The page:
Food waste is problematic for a whole host of reasons. Ethically, the concept of wasting food, while food insecurity levels rise around the world, is hard to swallow. Environmentally, the planet’s limited resources – such as land and water – are used to produce food, and carbon dioxide emitted during the production process.
And from a financial perspective, food waste does not make a strong business case. The United Nationals estimates 1.3bn tonnes of food is lost or wasted each year, equating to approximately one-third of the food produced for human consumption. Food loss and waste amounts to roughly €592bn per year in industrialised countries.
Although figures are slightly better in the EU, a hefty 20% of total food produced across the bloc is wasted per annum.
A majority of this food waste occurs in the home (53%), with a non-negligible 5% attributed to wholesale and retail sectors.
While the grocery sector is dominated by supermarket chains, to tell the entire retail waste story alternative food networks (AFNs), such as consumer food cooperatives, must be included in the narrative.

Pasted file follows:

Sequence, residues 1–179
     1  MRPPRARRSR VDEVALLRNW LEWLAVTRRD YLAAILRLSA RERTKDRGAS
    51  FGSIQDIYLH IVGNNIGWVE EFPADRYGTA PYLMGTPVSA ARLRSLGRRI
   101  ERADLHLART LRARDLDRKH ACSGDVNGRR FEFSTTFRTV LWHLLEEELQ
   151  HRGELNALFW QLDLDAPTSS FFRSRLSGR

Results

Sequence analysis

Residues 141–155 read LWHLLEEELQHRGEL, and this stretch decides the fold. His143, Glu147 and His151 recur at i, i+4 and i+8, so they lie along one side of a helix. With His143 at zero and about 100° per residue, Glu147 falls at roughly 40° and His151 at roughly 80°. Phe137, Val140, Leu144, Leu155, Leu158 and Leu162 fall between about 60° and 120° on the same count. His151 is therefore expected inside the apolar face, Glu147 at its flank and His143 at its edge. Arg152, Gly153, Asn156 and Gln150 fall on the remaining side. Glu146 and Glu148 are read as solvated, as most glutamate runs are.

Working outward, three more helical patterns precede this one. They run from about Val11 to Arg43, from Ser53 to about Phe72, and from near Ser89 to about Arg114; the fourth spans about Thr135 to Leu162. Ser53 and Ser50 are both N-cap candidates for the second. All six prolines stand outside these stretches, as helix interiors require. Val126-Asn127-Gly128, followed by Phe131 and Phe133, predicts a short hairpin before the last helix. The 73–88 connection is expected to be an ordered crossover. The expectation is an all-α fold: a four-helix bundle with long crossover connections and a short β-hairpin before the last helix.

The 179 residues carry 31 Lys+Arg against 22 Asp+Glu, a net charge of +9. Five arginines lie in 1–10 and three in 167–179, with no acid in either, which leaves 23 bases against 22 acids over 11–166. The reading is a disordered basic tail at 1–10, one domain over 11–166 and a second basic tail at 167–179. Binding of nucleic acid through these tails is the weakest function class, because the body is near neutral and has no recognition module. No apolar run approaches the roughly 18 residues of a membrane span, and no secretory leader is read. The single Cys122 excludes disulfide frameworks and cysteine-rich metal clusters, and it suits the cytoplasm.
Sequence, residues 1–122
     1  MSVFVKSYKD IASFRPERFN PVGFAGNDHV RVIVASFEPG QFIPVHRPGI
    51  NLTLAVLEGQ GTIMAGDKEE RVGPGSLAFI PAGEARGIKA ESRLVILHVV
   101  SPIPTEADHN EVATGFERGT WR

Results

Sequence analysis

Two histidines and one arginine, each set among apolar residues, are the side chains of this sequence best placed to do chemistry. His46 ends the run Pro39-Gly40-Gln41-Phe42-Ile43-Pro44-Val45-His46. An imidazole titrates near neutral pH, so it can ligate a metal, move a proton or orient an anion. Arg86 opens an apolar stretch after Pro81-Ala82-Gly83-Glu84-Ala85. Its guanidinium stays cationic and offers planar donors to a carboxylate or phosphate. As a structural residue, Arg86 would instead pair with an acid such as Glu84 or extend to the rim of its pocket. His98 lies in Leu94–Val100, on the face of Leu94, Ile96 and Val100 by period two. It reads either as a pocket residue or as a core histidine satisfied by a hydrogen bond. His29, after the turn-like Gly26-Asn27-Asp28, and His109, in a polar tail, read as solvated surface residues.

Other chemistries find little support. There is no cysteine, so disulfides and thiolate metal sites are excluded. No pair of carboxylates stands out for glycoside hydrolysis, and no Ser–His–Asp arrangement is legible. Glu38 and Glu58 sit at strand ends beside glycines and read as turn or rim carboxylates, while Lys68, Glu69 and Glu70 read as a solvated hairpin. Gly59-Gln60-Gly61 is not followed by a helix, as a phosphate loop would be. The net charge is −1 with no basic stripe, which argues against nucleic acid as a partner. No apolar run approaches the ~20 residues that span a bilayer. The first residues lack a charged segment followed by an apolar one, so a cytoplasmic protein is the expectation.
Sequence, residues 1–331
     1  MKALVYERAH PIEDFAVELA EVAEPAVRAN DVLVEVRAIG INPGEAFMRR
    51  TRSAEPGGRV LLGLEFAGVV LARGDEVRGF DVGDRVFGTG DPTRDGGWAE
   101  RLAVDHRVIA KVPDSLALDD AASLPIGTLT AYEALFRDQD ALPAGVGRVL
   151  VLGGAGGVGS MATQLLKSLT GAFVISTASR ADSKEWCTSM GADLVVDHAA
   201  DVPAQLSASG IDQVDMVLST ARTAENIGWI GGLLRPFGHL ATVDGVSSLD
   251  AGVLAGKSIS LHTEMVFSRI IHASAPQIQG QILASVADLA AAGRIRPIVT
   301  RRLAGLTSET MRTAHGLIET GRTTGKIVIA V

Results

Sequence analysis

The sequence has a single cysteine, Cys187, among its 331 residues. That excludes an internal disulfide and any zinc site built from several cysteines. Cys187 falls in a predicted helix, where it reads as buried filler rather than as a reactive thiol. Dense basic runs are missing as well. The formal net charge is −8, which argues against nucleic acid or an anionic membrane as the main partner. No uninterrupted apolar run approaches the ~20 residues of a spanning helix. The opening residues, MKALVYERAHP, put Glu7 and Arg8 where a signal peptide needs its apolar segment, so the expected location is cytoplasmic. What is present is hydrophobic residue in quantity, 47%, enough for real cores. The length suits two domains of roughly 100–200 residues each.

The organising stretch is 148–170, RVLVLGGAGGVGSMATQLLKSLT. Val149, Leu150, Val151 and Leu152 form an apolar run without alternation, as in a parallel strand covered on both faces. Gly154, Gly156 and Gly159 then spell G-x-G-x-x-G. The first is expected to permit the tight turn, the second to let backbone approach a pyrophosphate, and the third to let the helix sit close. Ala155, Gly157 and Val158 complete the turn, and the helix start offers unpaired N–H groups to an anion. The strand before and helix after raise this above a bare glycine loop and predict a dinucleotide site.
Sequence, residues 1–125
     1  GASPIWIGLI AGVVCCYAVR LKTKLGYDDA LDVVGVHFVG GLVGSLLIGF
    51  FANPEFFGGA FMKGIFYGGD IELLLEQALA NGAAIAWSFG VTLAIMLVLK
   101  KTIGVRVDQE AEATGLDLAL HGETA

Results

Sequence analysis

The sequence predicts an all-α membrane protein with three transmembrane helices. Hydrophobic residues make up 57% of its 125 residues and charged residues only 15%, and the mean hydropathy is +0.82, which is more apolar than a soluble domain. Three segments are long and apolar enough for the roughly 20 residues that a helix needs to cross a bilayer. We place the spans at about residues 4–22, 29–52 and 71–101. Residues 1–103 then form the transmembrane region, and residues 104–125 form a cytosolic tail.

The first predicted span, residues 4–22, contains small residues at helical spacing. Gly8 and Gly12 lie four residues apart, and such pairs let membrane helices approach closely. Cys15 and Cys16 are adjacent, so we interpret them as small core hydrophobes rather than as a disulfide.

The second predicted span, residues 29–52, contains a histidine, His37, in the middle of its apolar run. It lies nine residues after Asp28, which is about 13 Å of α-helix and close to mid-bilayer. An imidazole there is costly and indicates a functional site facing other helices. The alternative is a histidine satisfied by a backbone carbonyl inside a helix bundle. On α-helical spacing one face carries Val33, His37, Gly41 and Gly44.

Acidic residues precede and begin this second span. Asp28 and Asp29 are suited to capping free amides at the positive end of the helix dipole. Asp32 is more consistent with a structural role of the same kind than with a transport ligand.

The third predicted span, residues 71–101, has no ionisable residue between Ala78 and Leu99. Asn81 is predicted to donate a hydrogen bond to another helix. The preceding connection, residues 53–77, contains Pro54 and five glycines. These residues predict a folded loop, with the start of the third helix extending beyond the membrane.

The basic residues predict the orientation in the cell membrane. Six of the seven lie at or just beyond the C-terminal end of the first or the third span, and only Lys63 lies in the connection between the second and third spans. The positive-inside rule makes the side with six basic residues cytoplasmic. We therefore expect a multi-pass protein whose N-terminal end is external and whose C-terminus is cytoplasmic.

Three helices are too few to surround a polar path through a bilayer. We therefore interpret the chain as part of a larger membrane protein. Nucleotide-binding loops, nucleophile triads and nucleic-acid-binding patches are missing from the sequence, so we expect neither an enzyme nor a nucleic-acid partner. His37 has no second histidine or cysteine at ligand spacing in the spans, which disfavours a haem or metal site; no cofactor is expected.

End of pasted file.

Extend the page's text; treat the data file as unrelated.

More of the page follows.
A team of researchers from the Netherlands and Poland are looking beyond the profit-focused multinationals to small-scale, independent and alternative retail models to do just that.
Filling a food waste ‘knowledge gap’
The research was prompted by an observation that much less is understood about food waste in AFNs – a concept that has developed in Europe and around the world – than in conventional supermarkets.
“On one hand, there is more and more attention to food waste in retail, and on the other hand, there have been calls for more research on the environmental benefits and impacts of alternative food networks,” said lead researcher Ana Poças Ribeiro from Utrecht’s Copernicus Institute for Sustainable Development.
Definitions for AFNs are far-reaching, but the term usually implies organising food provisions in a different way to the typical conventional system – i.e. buying food from supermarkets that are supplied by wholesalers, Poças Ribeiro explained.